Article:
The Telegraph this week carries the story of a particularly sordid and unpleasant domestic murder. The details of the crime are irrelevant here (so no link); what struck me about the case is the way the couple in question met. When they established contact,
Both were already in long term relationships but they finished with their respective partners and moved into together at a rented two-bedroomed terraced house.
This wasn’t exactly what you’d call an equal partnership, though;
The couple struggled financially with only Joanne working as a security officer. Despite Higgs getting a £5,000 windfall from his mother he failed to get a job and the couple were seen arguing.
And eventually, in a fit of jealous rage, he killed her. Like so many before her, the 41-year-old grandmother had picked herself up a bad bargain on the internet.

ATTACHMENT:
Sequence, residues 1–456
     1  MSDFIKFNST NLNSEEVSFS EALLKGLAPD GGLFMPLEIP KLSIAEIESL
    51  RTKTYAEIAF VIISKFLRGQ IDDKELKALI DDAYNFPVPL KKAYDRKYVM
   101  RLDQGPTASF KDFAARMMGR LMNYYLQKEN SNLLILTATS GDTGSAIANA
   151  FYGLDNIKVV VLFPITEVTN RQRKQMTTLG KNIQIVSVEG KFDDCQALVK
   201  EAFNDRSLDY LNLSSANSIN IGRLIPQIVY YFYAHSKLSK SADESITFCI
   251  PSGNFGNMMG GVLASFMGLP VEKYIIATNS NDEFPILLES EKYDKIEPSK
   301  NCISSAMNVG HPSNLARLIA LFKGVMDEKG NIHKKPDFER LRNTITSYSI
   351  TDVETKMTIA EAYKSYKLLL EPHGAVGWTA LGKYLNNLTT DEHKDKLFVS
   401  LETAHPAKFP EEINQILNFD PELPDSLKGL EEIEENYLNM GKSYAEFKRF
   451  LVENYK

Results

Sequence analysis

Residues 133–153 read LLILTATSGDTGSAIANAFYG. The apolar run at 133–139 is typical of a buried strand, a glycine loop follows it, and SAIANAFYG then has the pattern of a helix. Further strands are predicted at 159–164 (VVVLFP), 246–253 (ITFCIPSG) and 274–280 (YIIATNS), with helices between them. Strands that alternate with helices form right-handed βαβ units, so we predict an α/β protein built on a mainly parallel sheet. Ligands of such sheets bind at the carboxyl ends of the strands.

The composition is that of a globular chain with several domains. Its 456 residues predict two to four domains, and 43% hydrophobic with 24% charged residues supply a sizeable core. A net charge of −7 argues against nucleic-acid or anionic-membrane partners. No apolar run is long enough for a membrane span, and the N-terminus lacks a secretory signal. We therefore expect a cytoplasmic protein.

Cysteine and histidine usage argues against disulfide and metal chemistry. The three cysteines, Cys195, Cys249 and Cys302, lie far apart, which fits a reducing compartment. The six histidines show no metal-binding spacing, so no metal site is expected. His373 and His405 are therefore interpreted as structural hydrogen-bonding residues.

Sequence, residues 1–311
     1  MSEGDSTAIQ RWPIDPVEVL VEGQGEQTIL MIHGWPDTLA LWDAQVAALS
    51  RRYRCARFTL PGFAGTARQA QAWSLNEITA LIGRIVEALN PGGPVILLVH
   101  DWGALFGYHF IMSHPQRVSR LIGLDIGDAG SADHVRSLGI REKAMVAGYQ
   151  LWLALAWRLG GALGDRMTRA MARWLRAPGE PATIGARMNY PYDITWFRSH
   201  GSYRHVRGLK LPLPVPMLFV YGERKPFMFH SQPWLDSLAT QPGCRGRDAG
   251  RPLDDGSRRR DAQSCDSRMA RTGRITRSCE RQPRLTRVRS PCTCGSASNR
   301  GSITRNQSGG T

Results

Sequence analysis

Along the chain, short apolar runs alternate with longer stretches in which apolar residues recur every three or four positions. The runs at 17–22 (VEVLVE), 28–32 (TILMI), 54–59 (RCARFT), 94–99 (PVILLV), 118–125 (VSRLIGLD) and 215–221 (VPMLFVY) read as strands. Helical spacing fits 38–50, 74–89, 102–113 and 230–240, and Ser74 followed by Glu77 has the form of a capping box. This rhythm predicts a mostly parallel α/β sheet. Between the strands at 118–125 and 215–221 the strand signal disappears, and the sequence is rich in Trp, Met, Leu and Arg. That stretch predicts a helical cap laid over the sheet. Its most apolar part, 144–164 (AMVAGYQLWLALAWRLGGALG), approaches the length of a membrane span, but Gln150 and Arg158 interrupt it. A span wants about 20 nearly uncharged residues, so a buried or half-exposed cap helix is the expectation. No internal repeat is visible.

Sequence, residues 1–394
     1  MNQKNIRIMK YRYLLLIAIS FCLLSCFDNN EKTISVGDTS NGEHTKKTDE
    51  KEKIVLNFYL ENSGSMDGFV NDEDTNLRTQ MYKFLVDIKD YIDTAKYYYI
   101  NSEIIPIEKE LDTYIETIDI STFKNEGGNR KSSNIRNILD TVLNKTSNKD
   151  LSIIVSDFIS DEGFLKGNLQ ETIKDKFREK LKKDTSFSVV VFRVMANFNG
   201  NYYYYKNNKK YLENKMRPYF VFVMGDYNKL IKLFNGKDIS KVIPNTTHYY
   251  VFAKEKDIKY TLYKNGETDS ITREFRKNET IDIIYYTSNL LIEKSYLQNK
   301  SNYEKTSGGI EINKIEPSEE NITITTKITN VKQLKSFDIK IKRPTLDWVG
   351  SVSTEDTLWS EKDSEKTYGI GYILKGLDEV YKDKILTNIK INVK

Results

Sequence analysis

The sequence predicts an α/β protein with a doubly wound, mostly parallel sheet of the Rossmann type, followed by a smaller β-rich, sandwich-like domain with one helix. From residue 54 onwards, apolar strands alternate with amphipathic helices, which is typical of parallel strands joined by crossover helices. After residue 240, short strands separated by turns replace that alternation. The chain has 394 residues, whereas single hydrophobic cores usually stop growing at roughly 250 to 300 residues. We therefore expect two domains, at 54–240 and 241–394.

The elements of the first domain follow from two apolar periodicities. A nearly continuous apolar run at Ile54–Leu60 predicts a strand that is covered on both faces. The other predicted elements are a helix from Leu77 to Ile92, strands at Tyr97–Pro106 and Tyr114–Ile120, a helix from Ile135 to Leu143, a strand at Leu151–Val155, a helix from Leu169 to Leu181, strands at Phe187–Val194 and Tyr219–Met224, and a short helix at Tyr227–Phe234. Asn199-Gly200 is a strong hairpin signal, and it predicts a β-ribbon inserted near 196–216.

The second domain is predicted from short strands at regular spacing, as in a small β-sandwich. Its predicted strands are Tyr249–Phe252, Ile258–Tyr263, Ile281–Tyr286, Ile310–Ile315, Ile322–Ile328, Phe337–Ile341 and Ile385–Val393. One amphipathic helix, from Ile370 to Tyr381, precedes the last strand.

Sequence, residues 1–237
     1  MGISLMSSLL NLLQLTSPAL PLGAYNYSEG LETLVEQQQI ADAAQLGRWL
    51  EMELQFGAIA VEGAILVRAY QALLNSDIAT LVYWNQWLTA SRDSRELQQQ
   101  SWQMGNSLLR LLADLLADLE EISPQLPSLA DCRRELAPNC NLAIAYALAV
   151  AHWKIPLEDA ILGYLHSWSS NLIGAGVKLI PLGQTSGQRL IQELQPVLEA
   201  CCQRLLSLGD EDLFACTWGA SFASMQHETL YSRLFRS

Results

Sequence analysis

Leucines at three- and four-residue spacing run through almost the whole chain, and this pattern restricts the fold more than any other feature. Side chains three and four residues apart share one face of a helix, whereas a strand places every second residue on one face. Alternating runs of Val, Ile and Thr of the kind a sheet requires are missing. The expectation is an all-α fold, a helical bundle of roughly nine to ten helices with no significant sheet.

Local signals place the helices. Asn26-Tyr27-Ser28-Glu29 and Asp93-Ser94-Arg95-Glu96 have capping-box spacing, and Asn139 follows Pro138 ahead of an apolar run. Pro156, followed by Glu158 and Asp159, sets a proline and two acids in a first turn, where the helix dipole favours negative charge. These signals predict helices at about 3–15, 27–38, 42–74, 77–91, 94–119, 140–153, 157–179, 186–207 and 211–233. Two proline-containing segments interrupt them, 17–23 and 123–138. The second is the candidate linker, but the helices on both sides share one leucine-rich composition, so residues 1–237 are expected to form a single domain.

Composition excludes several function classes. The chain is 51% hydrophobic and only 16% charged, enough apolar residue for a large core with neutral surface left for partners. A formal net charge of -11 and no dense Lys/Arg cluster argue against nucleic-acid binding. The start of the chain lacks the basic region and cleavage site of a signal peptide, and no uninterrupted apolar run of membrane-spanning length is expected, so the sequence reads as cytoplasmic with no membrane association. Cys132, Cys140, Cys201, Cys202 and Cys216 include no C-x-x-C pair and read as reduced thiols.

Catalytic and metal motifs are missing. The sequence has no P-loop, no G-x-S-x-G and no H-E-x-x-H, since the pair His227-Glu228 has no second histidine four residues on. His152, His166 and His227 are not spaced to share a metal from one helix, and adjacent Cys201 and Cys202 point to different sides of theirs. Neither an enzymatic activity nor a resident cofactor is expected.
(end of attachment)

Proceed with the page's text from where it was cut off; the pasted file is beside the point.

Manchester Crown Court was told the couple met in 2009 through playing games of ''social networking poker'' on Facebook which in which users play to meet each rather than win any cash.
There's a lot of it about; people meet online, somehow decide that this forms the basis for a lasting relationship and ruthlessly burn their boats, heedless of the fact that their new partner has admirably demonstrated a willingness to cheat. The grass is always greener in cyberspace.
And it's proof, if any were needed, that any medium can and will be debased far beyond the expectations of its inventor - imagine John Logie Baird confronted with Big Brother, or Alexander Graham Bell's reaction to phone sex lines. Facebook is rapidly coming to mirror Dante's vision of Hell.
And 'social networking poker' surely must have a circle all of its own.
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